If you'd like to take advantage of all WordPress has to offer with regards to content organization, searching, a user-friendly back-end, easy extendability through plugins and themes - then yes, very practical.

If you just want to use WordPress themes/templates, then no - it would be somewhat insane to maintain a separate database, separate search functionality, and try to tack your current code onto WordPress just to display your site with a WordPress theme. It would be far, far more efficient and sensible to find a plain HTML/CSS theme and simply apply it to your site.

Would I somehow embed my PHP code inside WordPress pages?

A common approach would be to port your data into the WordPress database using WordPress's Custom Post Types and Custom Taxonomies, then create your own theme from scratch or modify an existing one using a child-theme in order to produce the markup you're after.

You could just hack your current code into theme templates - but that would largely defeat the purpose of using a WordPress theme in the first place, I'd imagine.

You could also just load the WordPress blog header (bootstrap) in you app to gain access to the WordPress environment - but again, kind of pointless if you're not intending to use any of WordPress's features.

Long story short, I'd recommend you spend some time reading up on WordPress before you commit to it. It doesn't have to be all-or-nothing - but in your situation I don't think the grey area makes a lot of sense.

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I wouldn’t necessarily switch to WordPress. If you want a quick solution that’s relatively easy to use, and you don’t need any particular customisation, it’s a popular choice. However, if you want lots of control, you are in for a mountain of frustration. WordPress themes are hugely complex. As long as you stick to whatever the theme designer had in mind, you will be fine. But if you deviate just a millimeter and want something done differently, you have to dive into the theme code, and this is where the pain starts. (It is much easier to create your own theme completely from scratch, if you need that amount of control.) The same applies to the system of plug-ins/extensions/add-ons.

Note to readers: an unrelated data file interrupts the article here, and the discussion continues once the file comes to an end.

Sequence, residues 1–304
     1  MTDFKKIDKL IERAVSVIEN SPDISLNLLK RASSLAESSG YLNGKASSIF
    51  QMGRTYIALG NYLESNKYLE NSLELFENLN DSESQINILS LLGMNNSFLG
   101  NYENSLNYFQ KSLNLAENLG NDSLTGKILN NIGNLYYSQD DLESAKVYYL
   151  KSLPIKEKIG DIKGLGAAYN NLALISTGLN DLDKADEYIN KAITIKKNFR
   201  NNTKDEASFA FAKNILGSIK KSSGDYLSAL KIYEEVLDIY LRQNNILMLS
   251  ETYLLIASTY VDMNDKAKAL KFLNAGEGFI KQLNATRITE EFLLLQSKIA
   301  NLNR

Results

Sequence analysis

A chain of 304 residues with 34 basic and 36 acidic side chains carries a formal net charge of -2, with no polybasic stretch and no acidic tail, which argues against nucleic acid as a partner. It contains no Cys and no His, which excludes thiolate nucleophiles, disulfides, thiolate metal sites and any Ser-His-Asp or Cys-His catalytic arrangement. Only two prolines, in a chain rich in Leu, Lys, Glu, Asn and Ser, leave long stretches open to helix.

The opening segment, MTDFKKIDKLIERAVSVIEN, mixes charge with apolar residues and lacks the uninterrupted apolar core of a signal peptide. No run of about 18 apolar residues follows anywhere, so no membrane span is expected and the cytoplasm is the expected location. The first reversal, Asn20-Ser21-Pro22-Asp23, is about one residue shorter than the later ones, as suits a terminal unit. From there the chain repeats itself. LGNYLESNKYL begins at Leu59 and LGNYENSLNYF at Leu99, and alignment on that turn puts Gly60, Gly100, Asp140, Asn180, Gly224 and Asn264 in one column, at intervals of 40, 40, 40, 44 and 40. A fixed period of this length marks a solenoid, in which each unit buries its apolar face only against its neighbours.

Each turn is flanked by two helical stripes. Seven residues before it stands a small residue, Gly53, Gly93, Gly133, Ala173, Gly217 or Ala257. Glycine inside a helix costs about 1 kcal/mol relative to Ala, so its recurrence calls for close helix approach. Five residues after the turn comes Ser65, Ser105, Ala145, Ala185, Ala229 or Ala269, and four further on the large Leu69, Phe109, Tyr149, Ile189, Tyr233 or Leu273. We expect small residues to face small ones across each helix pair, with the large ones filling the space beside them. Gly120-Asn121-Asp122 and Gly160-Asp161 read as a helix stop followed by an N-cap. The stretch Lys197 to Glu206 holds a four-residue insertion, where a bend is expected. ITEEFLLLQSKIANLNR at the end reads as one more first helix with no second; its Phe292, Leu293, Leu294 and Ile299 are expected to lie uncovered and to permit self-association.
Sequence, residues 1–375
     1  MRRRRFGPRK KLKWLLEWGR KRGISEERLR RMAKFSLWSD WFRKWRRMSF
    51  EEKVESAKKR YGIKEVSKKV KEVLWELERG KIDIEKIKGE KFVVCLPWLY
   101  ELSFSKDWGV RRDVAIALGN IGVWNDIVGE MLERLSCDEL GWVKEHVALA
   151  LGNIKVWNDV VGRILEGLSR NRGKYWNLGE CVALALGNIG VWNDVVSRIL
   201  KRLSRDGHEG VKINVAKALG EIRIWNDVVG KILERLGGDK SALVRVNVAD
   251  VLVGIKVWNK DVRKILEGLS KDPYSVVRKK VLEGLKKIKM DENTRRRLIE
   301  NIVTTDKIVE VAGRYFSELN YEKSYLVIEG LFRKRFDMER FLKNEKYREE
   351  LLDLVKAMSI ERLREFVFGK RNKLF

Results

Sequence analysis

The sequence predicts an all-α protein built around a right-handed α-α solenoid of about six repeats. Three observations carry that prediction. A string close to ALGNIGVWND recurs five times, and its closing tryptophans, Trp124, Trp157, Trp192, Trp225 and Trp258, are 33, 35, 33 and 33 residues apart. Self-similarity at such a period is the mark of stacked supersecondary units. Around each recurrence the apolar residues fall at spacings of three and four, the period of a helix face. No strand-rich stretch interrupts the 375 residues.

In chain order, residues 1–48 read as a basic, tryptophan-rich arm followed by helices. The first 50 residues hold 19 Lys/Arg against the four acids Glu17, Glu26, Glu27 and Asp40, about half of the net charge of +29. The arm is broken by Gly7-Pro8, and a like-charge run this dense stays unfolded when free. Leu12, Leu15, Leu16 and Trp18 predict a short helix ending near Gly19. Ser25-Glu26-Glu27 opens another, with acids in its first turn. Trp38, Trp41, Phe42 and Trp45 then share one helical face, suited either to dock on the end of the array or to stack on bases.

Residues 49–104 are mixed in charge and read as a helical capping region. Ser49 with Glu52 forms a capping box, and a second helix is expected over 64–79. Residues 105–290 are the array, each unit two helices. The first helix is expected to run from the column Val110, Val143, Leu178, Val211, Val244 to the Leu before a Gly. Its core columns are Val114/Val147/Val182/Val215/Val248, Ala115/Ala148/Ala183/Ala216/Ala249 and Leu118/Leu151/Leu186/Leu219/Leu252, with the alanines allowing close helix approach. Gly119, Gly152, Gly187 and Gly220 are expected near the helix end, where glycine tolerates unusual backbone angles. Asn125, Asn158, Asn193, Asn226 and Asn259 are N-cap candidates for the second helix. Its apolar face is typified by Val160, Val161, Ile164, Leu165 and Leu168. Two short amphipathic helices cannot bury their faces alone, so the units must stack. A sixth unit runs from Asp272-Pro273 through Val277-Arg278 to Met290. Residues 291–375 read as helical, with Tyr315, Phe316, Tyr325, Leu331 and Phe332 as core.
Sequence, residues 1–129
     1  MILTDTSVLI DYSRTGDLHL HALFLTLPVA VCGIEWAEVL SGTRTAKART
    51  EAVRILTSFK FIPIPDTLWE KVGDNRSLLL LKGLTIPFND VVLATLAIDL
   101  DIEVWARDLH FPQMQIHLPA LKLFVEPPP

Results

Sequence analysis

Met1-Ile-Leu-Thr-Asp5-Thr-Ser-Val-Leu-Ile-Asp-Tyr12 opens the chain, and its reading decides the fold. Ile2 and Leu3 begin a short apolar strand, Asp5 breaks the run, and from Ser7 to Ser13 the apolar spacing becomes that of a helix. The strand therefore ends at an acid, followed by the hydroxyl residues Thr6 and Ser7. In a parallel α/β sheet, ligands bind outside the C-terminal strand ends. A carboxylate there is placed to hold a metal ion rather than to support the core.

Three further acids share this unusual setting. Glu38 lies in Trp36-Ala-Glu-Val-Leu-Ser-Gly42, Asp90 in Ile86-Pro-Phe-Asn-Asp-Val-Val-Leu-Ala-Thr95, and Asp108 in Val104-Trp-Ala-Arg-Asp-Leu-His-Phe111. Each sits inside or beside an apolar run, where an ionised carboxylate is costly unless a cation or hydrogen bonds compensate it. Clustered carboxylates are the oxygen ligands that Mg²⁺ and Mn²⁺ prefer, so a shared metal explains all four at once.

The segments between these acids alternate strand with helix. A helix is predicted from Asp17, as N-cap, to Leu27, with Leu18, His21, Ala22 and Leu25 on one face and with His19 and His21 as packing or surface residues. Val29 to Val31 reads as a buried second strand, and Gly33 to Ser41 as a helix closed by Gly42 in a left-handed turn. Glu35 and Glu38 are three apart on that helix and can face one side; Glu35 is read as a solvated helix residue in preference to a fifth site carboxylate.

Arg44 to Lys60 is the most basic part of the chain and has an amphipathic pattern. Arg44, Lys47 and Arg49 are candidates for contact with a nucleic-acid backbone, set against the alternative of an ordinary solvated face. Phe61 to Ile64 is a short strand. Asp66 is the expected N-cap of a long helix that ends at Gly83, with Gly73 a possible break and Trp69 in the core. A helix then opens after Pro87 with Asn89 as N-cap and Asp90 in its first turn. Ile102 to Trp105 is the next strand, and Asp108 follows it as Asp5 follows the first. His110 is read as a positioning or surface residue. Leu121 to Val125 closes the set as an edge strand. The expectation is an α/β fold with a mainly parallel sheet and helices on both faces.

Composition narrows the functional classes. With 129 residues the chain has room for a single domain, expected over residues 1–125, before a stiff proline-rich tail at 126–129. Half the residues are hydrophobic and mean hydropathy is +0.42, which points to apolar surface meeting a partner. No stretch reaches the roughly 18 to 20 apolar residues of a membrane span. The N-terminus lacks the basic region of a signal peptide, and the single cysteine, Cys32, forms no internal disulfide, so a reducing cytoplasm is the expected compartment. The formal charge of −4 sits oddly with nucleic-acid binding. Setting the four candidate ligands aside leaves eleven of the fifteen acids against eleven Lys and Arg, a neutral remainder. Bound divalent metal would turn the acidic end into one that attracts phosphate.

I’m speaking from the experience of having run my own WP sites and having customised a few themes, and I can tell you that it wasn’t fun at all. At several points, I was very close to throwing it all away and just re-writing the thing myself, as this would have been a lot easier and faster and about a million times more fun. Operating a real-world WP site means constantly having to install updates and keeping track of what’s going on in the themes and plug-ins world. I personally find the WP experience very, well, ugly. (They have recently released a shiny new management UI based on a Node.js single-page application which is nice, but it doesn’t solve the mentioned problems.)

You’re possibly better off keeping your existing code and extending it, or looking at another CMS or framework that doesn’t get in your way so much, even if it means having to do a bit more work yourself. One such solution I’ve personally taken a look at is ProcessWire, although I haven’t actually used it in any project yet and I don’t want to promote it here, it is just an example for what else is out there. There are countless ways to (re)build your site; I’d think twice or three times about moving to WordPress (especially if your choice is purely based on the fact that it is popular), that’s all :)

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  • Oooh, I didn’t realise I was posting this on the WordPress stack exchange. I’m bracing for the storm of downvotes. Sorry. – Niels Dec 8 '15 at 13:27